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Bibliophilic Monologues

Shatter Me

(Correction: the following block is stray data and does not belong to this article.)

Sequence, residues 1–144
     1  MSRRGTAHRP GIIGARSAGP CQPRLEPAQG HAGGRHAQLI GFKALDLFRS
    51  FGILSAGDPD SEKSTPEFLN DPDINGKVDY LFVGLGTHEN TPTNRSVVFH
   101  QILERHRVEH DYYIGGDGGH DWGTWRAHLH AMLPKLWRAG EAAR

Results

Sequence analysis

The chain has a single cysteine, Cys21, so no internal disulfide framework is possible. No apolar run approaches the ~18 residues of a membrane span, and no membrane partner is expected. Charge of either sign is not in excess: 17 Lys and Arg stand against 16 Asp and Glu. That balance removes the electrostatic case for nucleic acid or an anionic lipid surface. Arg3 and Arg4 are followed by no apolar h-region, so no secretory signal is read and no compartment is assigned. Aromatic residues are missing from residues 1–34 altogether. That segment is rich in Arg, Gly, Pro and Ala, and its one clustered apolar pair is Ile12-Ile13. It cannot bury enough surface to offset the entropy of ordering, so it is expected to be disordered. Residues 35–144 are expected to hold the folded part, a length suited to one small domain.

Shatter Me - Tahereh Mafi Let me preface this by saying that the following is a partial review. I'm writing this for the parts I have read and I'm also writing this because Rida is waiting for my thoughts on it. I will be very honest in the following paragraphs and it is not my intent to hurt anyone's feelings or anything of that nature. I also want the world to know that I think Tahereh Mafi (what I have gleaned from her online presence) is an awesome person and I wish her all the very best in her future projects.With that said, let's get to the point. I did not like Shatter Me. I didn't like it so much I couldn't finish it. And I bought the book, mind you, sacrificing at least one meal so I could hold it in my hands and be creepy like Gollum with the ring. I know that everyone seems to be besides themselves at the "gorgeous prose" and "strong characters" in the novel and I feel like we're either reading different books or I am on crack or something because seriously? This is only the third book this year that I have had this reaction to and since I've read about 402 books so it's a rare occurrence. The biggest obstacle I came across in my attempt to read this book was the writing. Yes, the same writing that hundreds are lauding. Okay, to frame my reaction, let me tell you that I write and I have had enough success as a writer that I am confident of my judgements (and my taste) and ability to speak with some authority where the writing is concerned. Mafi's prose is so full of jarring (and contradictory) images that it's difficult to finish a page without stopping at least once with your thoughts reflecting some intensity of "wtf" feeling that often fills a person at points of bewilderment and astonishment. One metaphor per sentence is excessive but if you choke that sentence with three or four metaphors...yeah, not cool. Especially if those metaphors are contradictory. On one page she is damning the sun, on the other, she is claiming it to be awesome and then on yet another there's another metaphor attached to the sun that makes for a fractured narrative that is the opposite of being compelling. (I would quote and cite but I don't feel like going through the pain again.)I come from the school of thought that in writing, when you want to make something have more of an effect, you use subtlety. You lead your horse to the river and then leave him alone to figure out where and how to drink. Ya know? Mafi may have written gems, pieces that are compelling but honestly, they are all so buried with fragments that seem to be quivering with melodrama and pathos, that seem contrived that it was all I could do to read as far as I did. It's like reading a book written completely in purple prose. Exhausting and not very enchanting.Let's talk about the characters. I don't know why Juliette is found to be "strong" because I found her irritating. And sniveling. I get that your life is horrible but please, woman, get off your high horse and stop being so freaking virtuous. I mean, COME ON, people treat you like shit and you want me to believe that you don't even have the littlest bitterness? You are a victim and you are determined to cling to that role and even your "strengths" make you weep because you don't want to be odd. It reads as unreal and not a little Mary-Sue-ish that this supremely beautiful child, (Oh yes, she's so beautiful, her physical beauty comes close to defining her, Warner makes several references to her, so does Adam, so do other boys, why can't she be just normal? Not beautiful, is it necessary for her to be so gorgeous?) who has been treated so horribly (even by her own parents) but she harbors not the littlest wish for vengeance. Yeah. I'm not saying I want to see her turn evil, I just want her to be more realistic. I could barely discern any of her personality with all her pontificating and 1, 2, 3, counting. Let's talk about Adam. Where do I start? Let's see. He's beautiful. And Juliette has loved him forever. I'm not lying. She says that herself. He's her only friend, it's the love that shakes the earth and well yeah, so what? Adam has no personality of his own. He only exists in context to Juliette and wouldn't it be cool if he were a figment of her imagination?And at the end, when she jolts awake, she's still in that stinking cell? No, he's real. They're making out and feeling feelings that make no difference to me because I have no connection to either of them.Warner is supposed to be this powerful dude but when I gave up on the book, he had been easily conquered by the awesome Adam and was saying stuff like "you're making the greatest mistake of your life..." where have you heard that before? It reminds me of this awesome villain in Bollywood movies and the hero going "Main tumhe chorunga nahi!!! Kamine!" (I won't let you go! Bastard!) Hurhur. Yeah, from purple prose to tired, cliched dialogue.So there you have it. My partial review. One that probably screams my dissatisfaction with the entire novel. I couldn't finish it because I found the plot lacking, the characters not characterized and the writing painful. You might like it better because looking at the reviews, I seem to be one of the very few who feels this way. Now that you know my mind, make up yours. Oh and some excerpts thanks to another reviewer: “Summer is like a slow-cooker bringing everything in the world to a boil one degree at a time. It promises a million happy adjectives only to pour stench and sewage into your nose for dinner.”“Hate looks just like everybody else until it smiles. Until it spins around and lies with lips and teeth carved into the semblance of something too passive to punch.”“His eyes are tight, his forehead pinched, his lips his lips his lips are two pieces of frustration forged together.”“My heart is a water balloon exploding in my chest. My lungs are swinging from my ribcage.”“I hate the lackadaisical ennui of a sun too preoccupied with itself to notice the infinite hours we spend in its presence.”